County tries new strategy to cut number of Latinos getting COVID-19
Latinos in Sonoma County have been infected by COVID-19 at a rate more than three times that of other residents, an entrenched problem rooted in longstanding inequities that has endured more than eight months into the pandemic.
County leaders have been unable to significantly lessen the blow of the pandemic’s disproportionate impact, though the socioeconomic injustices behind it — such as fewer job protections and crowded living conditions — are no mystery.
More than half of the 11,316 people who have tested positive for COVID-19 identified themselves as Latino. The actual number could be higher because more than 2,000 people with the disease declined to provide information about their race or ethnicity.
Some leaders within local Latino communities say the county’s focus on business reopening has distracted from the most significant factors preventing case rates from going down.
“The No. 1 thing we can do as a county is to change our value system, which is to go from having our goal being reopening to having our goal being creating a safety net for the most vulnerable — for the ones who are ending up with the highest rates of infection,” said Ana Lugo, a local diversity and equity consultant who is part of the county's Latinx working group.
Public health officials and county leaders hope that a new outreach initiative may help break down some of the barriers preventing people from protecting themselves against exposure to the virus, such as fear of losing their job if they stay home sick.
Called the CURA Project — short for COVID-19 Urgent Response and Aid — the program aims to provide culturally appropriate services to Latino and Indigenous people. It includes help connecting with local health clinics, financial assistance to replace lost wages or access to one of the county-funded hotel rooms available to people who need to isolate and cannot do so at home.
A main part of the work involves going to testing sites and workplaces to offer information about local services to anyone who might need help as a result of the health or economic impacts of the pandemic.
The county awarded a $1.4 million contact Sept. 30 to a Napa-based nonprofit, On the Move, that is overseeing the initiative, which is run by the organization’s Santa Rosa project La Plaza.
La Plaza has so far given out $600,000 in emergency financial assistance to 399 families through the CURA Project. The average amount distributed is $1,700, and demand has been high in the first 4½ weeks of the program.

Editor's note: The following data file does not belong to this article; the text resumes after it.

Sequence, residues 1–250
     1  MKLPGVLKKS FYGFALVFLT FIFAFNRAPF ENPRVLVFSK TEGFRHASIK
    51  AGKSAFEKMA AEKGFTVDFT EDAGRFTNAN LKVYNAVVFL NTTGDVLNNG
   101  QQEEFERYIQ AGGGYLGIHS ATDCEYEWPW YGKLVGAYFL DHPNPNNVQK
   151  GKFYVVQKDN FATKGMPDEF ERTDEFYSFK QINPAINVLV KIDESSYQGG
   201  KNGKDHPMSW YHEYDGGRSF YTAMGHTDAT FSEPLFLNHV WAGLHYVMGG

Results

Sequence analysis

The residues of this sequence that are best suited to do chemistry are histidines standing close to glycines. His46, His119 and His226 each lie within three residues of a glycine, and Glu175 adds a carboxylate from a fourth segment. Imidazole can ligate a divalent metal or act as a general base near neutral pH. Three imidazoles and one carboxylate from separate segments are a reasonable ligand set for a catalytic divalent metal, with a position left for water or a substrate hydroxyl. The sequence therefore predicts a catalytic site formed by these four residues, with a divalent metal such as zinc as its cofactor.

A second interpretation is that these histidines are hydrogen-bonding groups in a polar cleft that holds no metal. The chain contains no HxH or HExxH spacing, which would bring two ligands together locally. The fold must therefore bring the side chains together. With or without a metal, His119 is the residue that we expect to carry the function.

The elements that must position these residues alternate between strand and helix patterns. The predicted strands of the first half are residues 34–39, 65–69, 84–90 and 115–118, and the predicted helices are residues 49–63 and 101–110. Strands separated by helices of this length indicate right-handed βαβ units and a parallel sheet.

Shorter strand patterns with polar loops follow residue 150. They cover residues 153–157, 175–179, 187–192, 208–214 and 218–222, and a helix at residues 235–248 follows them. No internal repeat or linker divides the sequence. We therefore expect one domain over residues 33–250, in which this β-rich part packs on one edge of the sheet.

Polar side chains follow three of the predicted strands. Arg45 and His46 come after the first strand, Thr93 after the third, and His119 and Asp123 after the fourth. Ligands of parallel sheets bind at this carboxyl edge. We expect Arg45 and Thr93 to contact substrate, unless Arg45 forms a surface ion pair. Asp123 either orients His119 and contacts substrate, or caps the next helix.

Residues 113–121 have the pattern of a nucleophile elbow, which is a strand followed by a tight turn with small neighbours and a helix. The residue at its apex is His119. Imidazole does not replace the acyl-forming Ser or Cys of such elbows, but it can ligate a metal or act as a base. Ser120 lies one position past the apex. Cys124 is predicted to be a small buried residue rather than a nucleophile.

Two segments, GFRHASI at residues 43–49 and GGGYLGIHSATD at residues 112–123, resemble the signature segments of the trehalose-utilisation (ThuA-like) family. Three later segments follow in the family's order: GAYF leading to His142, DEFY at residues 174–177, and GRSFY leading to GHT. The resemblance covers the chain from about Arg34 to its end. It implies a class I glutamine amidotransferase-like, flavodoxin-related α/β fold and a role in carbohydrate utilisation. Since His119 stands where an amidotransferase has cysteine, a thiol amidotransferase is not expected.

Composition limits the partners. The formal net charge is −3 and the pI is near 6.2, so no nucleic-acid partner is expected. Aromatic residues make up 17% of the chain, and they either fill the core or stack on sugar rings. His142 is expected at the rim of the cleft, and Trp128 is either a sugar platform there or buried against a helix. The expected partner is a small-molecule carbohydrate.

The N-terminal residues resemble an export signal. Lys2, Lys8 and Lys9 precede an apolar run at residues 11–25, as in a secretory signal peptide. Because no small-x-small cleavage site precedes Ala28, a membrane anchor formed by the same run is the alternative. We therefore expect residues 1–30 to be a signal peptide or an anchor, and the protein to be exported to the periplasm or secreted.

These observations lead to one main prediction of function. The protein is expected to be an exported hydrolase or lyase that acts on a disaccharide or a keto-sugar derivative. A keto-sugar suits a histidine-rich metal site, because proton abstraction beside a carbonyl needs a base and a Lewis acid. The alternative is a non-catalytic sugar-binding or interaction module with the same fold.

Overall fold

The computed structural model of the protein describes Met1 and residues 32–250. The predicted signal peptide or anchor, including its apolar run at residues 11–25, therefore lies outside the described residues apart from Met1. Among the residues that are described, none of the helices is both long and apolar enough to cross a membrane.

Alegría De La Cruz, the first director of the county’s new Office of Equity, said the money is a small step toward reversing decades of disinvestment in programs that help communities thrive, such as housing and social services.
“It is critical to stabilize families who are at risk in every way — at risk for hunger, at risk for mental health destabilization, wage loss, losing their housing,” De La Cruz said. “We have to stabilize folks in order to get them to be able to turn on the radio and hear what we’re saying. You can’t do that when you’re in such a state of trauma.”
Soon after the first Sonoma County residents became ill with COVID-19 at the beginning of March after contracting the disease on passenger cruises, county leaders acted swiftly to shut down many aspects of public life, closing schools and many businesses.
But “essential workers” were exempted from the stay-home orders. Most were low-wage workers who couldn’t work remotely from home, placing them at higher risk of exposure to the novel coronavirus.
Latino residents represent a large portion of working class individuals and families. Low-wage workers are more likely to lose pay or their jobs if they stay home sick. They are more likely to live in multigenerational households or crowded roommate situations because of the county’s housing shortage and pricey market — and are therefore less able to isolate away if they are exposed.
And they may have language barriers or experiences that make it harder to trust government.
Javi Rivera-Rosales, project director for La Plaza, said he knew the pandemic would strike more deeply at the county’s Latino community as the first cases of the virus emerged in the United States.
“The reality is, I already had in my heart and my mind that disasters prior, fires and floods, disproportionately impacted folks from our community,” Rivera-Rosales said. “I just knew an invisible pandemic would do the same thing.”
Latino residents now represent about 72% of the cases for which race and ethnicity information is available, a disproportionate figure given that they represent only 27% of the county’s population of 500,000.